bulletJackie Borque of Ottawa dais that SSM is "completely opposed to God, his principles and why he formed man and woman....He did not form Adam and Steve, but Adam and Eve."

CBC News reported "low turnout."  Brian Rushfeldt, executive director of the Canada Family Action Coalition, helped organize the rallies. He said: "This is a first. Praying for marriage and praying for all political leaders is a mandate of Scripture that was fulfilled. Sunday was the beginning of a unity of prayer that I have not seen before in this nation." He estimated that close 100,000 people, including about 1,000 clergy, took part in the event. 12

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Later developments are described in another essay

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References:

  1. "Thousands rally in defence of marriage," Today's Family News, Focus on the Family, Canada, 2003-AUG-26.
  2. Susan Delacort & Les Whittington, "Same-sex bill gains momentum. Push on to introduce legislation in the next few weeks. 'I think the debate is now fully engaged," Martin says," Toronto Star, 2003-AUG-22, Page A16.
  3. Jim Abbott, "Parliament, not the courts, should rule," 2003-JUN-26, at: http://www.jimabbottmp.com/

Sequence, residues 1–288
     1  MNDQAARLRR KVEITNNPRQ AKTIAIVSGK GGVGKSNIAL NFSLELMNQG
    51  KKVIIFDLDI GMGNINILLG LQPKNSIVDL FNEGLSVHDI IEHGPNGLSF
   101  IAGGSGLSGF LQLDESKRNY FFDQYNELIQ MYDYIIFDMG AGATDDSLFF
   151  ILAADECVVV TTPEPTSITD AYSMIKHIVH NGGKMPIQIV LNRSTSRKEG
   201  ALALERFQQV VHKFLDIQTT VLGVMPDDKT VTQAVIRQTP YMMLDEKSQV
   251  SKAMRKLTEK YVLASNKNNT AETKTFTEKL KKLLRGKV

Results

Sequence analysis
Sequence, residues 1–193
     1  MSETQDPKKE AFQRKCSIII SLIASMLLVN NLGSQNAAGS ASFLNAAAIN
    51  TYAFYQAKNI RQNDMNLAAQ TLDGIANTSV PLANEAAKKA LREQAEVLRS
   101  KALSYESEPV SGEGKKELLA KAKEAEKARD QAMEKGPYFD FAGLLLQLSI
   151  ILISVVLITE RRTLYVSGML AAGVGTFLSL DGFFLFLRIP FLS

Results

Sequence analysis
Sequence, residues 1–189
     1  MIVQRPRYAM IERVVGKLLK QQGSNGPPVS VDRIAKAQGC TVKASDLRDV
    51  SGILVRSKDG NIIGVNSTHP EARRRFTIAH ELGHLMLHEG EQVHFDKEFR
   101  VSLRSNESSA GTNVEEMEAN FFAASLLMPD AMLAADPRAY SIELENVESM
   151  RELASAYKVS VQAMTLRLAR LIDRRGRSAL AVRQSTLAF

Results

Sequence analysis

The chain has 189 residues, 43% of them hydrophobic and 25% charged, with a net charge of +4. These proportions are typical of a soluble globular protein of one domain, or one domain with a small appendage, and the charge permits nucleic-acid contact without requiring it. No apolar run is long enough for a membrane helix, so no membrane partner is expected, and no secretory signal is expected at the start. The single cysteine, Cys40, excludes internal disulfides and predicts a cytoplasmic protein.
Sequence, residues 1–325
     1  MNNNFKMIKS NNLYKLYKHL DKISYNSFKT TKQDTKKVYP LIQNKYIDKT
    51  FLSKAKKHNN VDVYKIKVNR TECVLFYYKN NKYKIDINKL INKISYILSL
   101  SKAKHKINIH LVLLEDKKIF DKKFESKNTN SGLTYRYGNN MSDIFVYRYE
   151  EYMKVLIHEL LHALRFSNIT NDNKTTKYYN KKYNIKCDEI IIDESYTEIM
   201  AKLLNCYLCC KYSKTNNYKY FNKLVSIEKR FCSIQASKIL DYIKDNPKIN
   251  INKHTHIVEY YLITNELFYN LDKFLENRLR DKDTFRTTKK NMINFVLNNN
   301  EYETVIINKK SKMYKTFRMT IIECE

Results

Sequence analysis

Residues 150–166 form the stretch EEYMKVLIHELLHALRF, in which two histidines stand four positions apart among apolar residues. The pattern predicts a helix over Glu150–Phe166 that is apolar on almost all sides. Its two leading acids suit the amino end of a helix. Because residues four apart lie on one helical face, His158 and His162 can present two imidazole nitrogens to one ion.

4. "MP Record," Marriage Canada, at: http://www.marriagecanada.ca/
  5. "Same-sex marriage: Under false pretenses. Homosexual activity rages against God's will, argues the editor of a leading Catholic magazine," Toronto Star, 2003-AUG-31, Page A17.
  6. Tonda MacCharles, "Gay-marriage foes plan prayer protests," Toronto Star, 2003-SEP-3, Page A17.
  7. "Today's Family News," Focus on the Family, Canada, 2003-SEP-4.
  8. Tonda MacCharles, "Alliance to force same-sex vote," Toronto Star, 2003-SEP-4, Page A25
  9. "Harper sees plotters," The Toronto Star, 2003-SEP-6, Page B6.
  10. Peter Cheney, "Vigil against same-sex marriage has poor turnout," Globe and Mail, 2003-SEP-8, Page A6. Online at: http://www.theglobeandmail.com/
  11. Sanctity of Marriage home page, as of 2003-SEP-9 at:  http://www.sanctityofmarriage.ca/
  12. "Low turnout at same-sex marriage rallies," CBC News, 2003-SEP-8, at: http://www.cbc.ca/stories/

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Copyright © 2003 by Ontario Consultants on Religious Tolerance
Latest update: 2003-SEP-12
Author: B.A. Robinson